and Against the Backslidings, Corruptions,

Divisions, and Prevailing Evils,

Both Of


And Namely


Established Church;

Of The

Nobility, Gentry, Commons, Seceders,

Episcopalians, Etc.



chief occurrences in this church

from her beginning to the year 1744,


and humble pleadings with our mother

church, to exert herself


stop defection, and promote reformation.
attested & adhered unto by sundry ministers.

Minister of the Gospel at Dundee, Scotland,
Psal. ci 3. I hate the work of them that turn aside, it shall not cleave to me.

Isa. xliii. 10 Ye are my Witnesses saith the Lord.

Ezek. Xliii. 11. Shew them the form of the house, and write it in their sight.

Isa. Lviii. 1. Shew the house of Jacob their sins.


published by zadok cramer and sold at his

bookstore, market street.
from the press of cramer and spear—1808
THOUGH I be far less fit for framing a Testimony to the principles, wrestlings and attainments of this church, and against the corruptions, defections and evils of the times, than many of my brethren; yet being encouraged by some whom I highly valued to undertake it, and finding none else inclined to it, I have essayed it through Di­vine strength, hoping to see a witnessing Body appear within this Church, as well as without it, at least some who would desire to testify against the evils of the day with just zeal, impartiality and meekness.

No sooner I set my face to it, but I saw it to be a matter of great difficulty to steer a straight course, without swerving to the right or left hand, in these reeling and shaking times, when such dif­ferent opinions are vented, provocations are given, calumnies are spread, and men’s passions are stirred on each side, so that even the meekest and wisest are ready to stagger: I found also the difficulty increase, from the divided sentiment of godly ministers with respect to some particular occurrences, and the strong inclination of many live at ease, enjoy quiet, and even to sit down Issacar like and couch under the burden, when hopes of relief does not appear. These things greatly discouraged me to proceed in the design.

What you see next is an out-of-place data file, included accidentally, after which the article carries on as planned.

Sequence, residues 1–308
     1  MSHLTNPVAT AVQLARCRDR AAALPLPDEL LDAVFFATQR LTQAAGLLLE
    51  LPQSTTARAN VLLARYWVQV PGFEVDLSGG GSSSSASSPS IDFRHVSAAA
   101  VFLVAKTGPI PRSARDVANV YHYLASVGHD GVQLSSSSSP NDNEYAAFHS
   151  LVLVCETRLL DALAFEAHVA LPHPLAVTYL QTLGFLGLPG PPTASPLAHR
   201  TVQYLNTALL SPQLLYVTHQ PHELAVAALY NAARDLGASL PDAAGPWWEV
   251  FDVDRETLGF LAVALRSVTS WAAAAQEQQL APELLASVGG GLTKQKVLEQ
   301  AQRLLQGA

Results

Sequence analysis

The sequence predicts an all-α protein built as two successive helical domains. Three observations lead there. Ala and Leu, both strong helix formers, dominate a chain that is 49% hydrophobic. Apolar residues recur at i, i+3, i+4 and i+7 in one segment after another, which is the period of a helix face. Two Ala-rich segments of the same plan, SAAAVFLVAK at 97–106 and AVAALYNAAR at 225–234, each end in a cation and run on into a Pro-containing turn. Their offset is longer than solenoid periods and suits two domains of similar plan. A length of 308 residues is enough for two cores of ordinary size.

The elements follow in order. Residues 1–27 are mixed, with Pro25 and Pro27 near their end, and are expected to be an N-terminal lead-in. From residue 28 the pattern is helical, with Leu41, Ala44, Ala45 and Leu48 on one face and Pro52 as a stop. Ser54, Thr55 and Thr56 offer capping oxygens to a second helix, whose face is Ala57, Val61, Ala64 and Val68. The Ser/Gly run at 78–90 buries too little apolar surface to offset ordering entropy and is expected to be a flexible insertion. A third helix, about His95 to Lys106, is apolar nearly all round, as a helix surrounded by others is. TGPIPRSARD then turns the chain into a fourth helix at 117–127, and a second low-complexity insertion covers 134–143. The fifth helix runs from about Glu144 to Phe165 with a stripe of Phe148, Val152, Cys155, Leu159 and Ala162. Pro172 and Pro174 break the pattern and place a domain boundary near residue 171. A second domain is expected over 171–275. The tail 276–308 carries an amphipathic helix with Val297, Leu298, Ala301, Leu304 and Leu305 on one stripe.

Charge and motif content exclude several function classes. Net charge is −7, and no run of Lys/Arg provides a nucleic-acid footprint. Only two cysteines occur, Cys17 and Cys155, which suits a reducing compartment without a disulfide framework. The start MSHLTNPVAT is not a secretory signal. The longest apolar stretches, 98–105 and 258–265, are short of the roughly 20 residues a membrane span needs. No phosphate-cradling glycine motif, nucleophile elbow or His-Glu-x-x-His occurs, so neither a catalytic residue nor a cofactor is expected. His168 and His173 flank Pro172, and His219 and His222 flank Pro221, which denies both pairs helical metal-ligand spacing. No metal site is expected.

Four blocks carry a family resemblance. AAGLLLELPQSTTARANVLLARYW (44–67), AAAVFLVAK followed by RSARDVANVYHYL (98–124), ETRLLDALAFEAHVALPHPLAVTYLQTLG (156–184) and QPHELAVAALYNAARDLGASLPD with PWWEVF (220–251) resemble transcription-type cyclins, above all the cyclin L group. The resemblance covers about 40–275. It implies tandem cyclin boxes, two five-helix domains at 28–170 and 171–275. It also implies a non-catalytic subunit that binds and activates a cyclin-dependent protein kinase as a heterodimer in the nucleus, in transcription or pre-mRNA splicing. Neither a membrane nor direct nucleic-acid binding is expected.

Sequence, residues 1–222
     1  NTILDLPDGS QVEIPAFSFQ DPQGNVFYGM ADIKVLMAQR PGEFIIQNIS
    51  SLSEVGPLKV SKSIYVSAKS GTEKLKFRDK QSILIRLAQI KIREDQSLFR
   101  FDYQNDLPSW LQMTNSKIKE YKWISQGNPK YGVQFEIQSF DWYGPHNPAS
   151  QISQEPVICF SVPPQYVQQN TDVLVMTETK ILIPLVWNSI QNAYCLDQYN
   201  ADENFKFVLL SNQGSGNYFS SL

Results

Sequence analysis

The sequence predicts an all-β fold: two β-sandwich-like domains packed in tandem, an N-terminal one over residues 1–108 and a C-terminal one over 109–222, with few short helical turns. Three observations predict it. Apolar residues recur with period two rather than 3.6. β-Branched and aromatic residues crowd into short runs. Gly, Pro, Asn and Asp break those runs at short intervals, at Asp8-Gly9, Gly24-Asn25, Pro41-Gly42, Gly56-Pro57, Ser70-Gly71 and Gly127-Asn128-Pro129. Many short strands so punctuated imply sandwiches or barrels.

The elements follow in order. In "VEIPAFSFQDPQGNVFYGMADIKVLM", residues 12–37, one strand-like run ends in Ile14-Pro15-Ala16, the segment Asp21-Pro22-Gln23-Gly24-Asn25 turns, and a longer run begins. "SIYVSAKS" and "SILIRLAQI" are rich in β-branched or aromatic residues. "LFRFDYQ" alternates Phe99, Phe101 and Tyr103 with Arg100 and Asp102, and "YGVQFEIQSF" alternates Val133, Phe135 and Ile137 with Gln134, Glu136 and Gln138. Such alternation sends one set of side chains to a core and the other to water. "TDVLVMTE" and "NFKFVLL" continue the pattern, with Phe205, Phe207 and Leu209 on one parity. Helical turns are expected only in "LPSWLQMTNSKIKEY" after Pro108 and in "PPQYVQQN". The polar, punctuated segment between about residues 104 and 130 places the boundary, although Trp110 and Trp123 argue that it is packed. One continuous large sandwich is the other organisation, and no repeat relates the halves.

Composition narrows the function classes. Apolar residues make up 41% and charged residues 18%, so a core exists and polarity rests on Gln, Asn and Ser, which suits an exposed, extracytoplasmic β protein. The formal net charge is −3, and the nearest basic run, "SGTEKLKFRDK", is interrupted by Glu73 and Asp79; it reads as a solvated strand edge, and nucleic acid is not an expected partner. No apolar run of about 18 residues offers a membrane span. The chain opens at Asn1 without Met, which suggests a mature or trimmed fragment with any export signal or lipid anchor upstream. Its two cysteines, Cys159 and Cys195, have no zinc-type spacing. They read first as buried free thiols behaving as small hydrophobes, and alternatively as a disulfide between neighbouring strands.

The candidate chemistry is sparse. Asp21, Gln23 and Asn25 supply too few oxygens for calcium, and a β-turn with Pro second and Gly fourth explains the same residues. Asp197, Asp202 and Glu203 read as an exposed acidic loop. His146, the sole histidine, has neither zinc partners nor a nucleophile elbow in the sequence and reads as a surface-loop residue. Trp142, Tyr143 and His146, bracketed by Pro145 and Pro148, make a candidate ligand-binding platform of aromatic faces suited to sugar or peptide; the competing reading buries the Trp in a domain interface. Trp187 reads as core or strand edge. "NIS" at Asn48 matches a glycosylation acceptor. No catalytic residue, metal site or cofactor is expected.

But when I daily weighed and considered the growing dangers of the church, the backsliding
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disposition that still prevailed, and the unsuccessfulness of all other methods to recover her from it such as Dissents, Protests, Instructions, Representations, Petitions, Separations, Secessions, &c. and that the only mean now left to be tried for giving check to corruption and exciting reformation, seemed to be that of an honest Testimony of some within the church: I determined at length to go on through all difficulties and discouragements, to prepare and publish the following Essay, with a sincere intention to preserve my Mother church, and promote her interests: looking to Heaven for a blessing on it, that it may be of use to excite judicatories to put a stop to some evils, and reform some things amiss: And though it should have little effect on the present backsliding age, yet hoping it may be useful to, the rising generation when God shall send a general revival of true Christianity in the land; at such a time the subscribers of this testimony will continue, when dead, thus to speak, to the glory of the ever living Redeemer.